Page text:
"In parallel optics, one of the traditional problems has been availability of parts, so what we've done is we've taken a step in the direction of easing the OEM's mind in terms of availability," says Fawcett. "A good reference for this would be the two other multisource agreements that have been put in place that really serve as almost a de facto standard for what small-form-factor pluggable and small-form-factor pin-through-mold transceiver modules com ply to. The essence of it is that we have defined a footprint that allows customers to operate from 1 to 2.5 Gbits and has three interchangeable sources and the option of true surface-mount and what we call land grid array, which is a mechanical attachment to board, not solder-based but more connector-based. So it is a wide-scope agreement that is going to allow customers three good options," asserts Fawcett.
Following are the features defined by the new Twelve-Channel 2.5G Working Group Phase 1 Specification, found on all three participating companies' Websites:
- 12-channel parallel fiber modules.
- Separate transmitter and receiver modules.
- 1- to 2.7-Gbaud (per channel) signal rate (accommodates 2.488 Gbits/sec with forward error correction).
- Data I/O is CML-compatible with DC blocking capacitors.
- Link lengths up to 220 m with 50/125-micron, 500-MHz-km multimode fiber.
- Channel bit error rate of 10-12.
- Standard MTP (MPO) ribbon-fiber connector interface.
- Connectivity options-ball grid array for solder assembly, land grid array for non-solder assembly.
Agilent will offer a 12-channel parallel fiber-optic module that meets these MSA specifications in early 2002, according to Fawcett. "We would be working with the customer base to do all the necessary cutovers," he adds.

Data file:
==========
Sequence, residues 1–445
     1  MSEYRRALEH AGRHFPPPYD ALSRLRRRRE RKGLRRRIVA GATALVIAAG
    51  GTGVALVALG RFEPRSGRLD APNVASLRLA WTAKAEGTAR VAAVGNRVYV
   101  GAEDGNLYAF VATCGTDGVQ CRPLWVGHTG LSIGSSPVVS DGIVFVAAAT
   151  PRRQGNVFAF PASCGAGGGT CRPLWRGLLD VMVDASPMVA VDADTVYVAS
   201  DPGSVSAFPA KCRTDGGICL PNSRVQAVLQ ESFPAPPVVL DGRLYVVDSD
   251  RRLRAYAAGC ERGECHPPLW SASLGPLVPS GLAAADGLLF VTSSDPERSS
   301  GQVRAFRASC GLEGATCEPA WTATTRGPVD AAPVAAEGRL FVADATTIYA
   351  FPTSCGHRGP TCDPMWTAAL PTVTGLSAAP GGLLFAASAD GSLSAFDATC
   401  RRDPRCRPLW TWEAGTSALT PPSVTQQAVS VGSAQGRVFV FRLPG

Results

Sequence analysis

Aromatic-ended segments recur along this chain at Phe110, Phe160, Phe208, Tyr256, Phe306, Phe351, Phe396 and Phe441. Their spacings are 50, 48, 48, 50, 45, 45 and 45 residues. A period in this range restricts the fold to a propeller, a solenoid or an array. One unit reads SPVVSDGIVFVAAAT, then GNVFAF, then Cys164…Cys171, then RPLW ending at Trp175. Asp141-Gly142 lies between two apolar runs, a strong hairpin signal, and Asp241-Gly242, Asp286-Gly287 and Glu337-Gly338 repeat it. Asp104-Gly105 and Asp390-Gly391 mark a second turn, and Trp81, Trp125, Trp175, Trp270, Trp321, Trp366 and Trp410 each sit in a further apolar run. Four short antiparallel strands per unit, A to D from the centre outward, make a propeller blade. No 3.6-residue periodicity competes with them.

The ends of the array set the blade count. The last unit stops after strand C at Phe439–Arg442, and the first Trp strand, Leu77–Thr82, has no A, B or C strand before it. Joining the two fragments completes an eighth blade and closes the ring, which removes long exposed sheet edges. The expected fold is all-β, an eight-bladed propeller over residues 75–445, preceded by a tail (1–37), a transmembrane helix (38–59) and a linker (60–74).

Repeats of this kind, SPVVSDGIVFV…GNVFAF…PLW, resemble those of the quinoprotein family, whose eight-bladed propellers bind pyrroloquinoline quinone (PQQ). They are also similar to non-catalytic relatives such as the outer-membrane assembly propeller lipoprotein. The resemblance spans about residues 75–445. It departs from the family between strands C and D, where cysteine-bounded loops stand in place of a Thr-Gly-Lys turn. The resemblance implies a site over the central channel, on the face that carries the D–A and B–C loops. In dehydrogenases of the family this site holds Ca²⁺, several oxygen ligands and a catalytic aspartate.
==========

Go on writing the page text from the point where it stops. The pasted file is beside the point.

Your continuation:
Mitel, in early production with its first parallel fiber-optic module this month, the 623 family of parallel fiber-optic modules, will offer modules that are complaint with the new MSA specifications by the end of the year. The 623 modules, shipping this month, are mechanically different from the specifications in the Infineon/Gore MSA, says a Mitel company spokesperson. Gore is also expected to offer a parallel fiber-optic module that is complaint with the new MSA by year-end.
Infineon is currently ramping up production of the parallel optic module PAROLI to support several customer designs worldwide, according to the company. The average monthly output tripled over the last six months and is targeted to increase further throughout this year. The current design is used in supercomputing and terabit router/switch applications.
"Infineon does not intend to join the recently announced MSA from Agilent/Mitel/Gore," says a company spokesperson. "Infineon is the leading supplier of 12-channel parallel optic modules with several years of production history for 12-channel modules with 840-nm VCSEL array/ribbon-fiber technology. The overall performance of the module, specifically in the areas of high data rate, low power consumption, and superior reliability, have not been matched by other companies in the market. As we announced in August of last year, a fully compatible drop-in second source was established when the technology was licensed to Molex in August; production is targeted for later this year."
"Infineon's not automatically out by any stretch," says Murray. "But this would appear to be a very good strategy for the three companies that haven't shipped such volumes yet."